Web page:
Ross River virus and Barmah Forest virus
What are Ross River and Barmah Forest viruses?
Ross River virus (RRV) and Barmah Forest virus (BFV) are the two most common mosquito-borne viruses in Western Australia and can cause severe symptoms in people.
How do you catch these viruses?
In nature, RRV and BFV are passed back and forth between animals and mosquitoes. People can only catch these viruses after being bitten by an infected mosquito. RRV and BFV cannot be caught from direct contact with another person or animal.
Approximately 1 in 3 people will develop symptoms after being bitten by an infected mosquito, making it important to minimise the risk of being bitten whenever possible.
When do symptoms appear?
For both viruses, the time between being bitten and becoming sick (the incubation period) is normally 7 to 14 days. It can vary, however, from as little as 3 days to up to 3 weeks.
What are the symptoms?
People suffering from RRV or BFV diseases may experience a wide range of symptoms common to both viruses. Blood tests are used to diagnose the viruses.
Symptoms and their severity vary from person to person but can include:
- painful and/or swollen joints (the most commonly affected joints are the wrists, knees, ankles, fingers, elbows, shoulders and jaw). Pain usually develops quickly and may be intense and more severe in different joints at different times. Joint pain is much more common than swelling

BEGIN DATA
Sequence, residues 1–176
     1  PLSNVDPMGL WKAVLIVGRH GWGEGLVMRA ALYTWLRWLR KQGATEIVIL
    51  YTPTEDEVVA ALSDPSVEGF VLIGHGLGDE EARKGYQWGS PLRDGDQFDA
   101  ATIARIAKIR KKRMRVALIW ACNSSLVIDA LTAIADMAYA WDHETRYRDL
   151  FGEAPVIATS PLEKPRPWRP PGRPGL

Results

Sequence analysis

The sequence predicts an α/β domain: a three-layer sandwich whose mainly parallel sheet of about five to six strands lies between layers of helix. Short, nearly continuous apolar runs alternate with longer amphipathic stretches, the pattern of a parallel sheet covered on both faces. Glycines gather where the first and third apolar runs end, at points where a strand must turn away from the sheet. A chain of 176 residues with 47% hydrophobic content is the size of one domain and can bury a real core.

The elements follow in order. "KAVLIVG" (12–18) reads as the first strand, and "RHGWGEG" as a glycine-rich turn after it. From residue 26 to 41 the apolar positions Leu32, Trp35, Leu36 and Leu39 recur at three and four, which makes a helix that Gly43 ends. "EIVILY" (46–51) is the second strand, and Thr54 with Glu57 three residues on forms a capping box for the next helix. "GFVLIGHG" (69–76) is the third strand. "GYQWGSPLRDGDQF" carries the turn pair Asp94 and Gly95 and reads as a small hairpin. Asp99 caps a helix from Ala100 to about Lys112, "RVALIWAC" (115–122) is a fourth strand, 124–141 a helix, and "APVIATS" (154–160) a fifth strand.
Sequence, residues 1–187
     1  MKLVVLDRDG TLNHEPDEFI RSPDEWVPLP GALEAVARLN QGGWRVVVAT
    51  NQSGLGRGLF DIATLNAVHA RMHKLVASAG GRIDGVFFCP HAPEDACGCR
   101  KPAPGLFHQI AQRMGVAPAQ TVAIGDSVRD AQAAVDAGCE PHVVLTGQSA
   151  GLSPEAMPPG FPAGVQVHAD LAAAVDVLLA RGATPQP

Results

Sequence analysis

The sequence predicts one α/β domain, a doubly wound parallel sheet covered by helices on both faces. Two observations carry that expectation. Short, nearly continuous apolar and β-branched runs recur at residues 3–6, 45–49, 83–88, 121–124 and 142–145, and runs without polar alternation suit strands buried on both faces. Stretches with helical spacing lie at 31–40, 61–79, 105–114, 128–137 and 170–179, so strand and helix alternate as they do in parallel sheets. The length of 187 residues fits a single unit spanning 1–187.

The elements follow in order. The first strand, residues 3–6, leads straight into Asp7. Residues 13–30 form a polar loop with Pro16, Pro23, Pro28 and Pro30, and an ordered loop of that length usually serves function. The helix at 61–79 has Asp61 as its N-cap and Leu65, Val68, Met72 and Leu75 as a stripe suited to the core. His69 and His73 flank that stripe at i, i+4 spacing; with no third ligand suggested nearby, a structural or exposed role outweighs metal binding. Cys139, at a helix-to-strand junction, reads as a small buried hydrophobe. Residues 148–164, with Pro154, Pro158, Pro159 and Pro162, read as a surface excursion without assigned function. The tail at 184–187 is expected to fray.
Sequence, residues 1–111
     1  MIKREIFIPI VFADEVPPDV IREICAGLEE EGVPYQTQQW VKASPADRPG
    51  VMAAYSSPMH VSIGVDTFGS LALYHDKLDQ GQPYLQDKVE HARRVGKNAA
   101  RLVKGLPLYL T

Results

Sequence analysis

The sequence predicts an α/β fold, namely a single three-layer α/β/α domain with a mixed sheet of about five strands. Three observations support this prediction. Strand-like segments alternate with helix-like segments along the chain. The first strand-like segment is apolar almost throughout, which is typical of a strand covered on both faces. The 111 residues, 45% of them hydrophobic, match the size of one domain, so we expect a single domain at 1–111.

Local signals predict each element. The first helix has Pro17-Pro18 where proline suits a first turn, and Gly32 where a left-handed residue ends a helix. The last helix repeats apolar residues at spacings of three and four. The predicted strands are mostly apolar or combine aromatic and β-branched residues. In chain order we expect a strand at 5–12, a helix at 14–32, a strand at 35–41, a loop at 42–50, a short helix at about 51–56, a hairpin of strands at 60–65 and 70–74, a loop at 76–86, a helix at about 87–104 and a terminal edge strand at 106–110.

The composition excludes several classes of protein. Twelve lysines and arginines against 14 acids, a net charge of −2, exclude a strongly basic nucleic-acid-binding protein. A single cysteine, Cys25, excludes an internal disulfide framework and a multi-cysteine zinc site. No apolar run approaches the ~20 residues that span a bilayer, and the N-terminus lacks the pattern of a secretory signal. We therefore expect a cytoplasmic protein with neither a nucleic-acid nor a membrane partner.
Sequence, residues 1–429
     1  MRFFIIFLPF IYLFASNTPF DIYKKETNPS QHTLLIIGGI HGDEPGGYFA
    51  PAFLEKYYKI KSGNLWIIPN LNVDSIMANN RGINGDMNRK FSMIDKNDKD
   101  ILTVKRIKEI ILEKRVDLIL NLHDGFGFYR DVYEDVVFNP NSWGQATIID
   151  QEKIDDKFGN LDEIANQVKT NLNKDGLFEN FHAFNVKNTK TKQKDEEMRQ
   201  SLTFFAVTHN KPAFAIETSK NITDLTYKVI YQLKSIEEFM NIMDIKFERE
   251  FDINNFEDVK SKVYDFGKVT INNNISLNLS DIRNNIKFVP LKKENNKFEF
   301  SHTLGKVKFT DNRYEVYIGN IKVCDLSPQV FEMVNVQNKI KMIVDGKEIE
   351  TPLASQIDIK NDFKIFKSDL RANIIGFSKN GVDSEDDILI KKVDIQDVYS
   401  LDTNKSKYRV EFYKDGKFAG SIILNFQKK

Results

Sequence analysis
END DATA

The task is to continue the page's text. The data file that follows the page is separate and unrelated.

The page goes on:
- sore muscles
- aching tendons
- skin rashes (although these tend to be more common to BFV disease)
- swollen lymph nodes.
Less common symptoms include:
- sore eyes
- sore throat
- tingling in the palms of the hands or soles of the feet.
Symptoms tend to be milder in children and the illness often doesn’t last as long.
How long do the symptoms last?
Fever, nausea and skin rashes usually disappear within the first 2 weeks of illness. Joint, muscle and tendon pain may last much longer and can be distressing. People also often experience severe tiredness. Severe symptoms or those that last a long time can cause emotional distress or depression and affect family, social and work relationships. Symptoms eventually lessen with few or no long-term effects.
It is not possible to predict how long a person will take to fully recover from either disease. Some adults recover within 2 to 6 weeks of being infected, while others will still be unwell after 3 months. In rare cases, symptoms can persist for up to a year or more.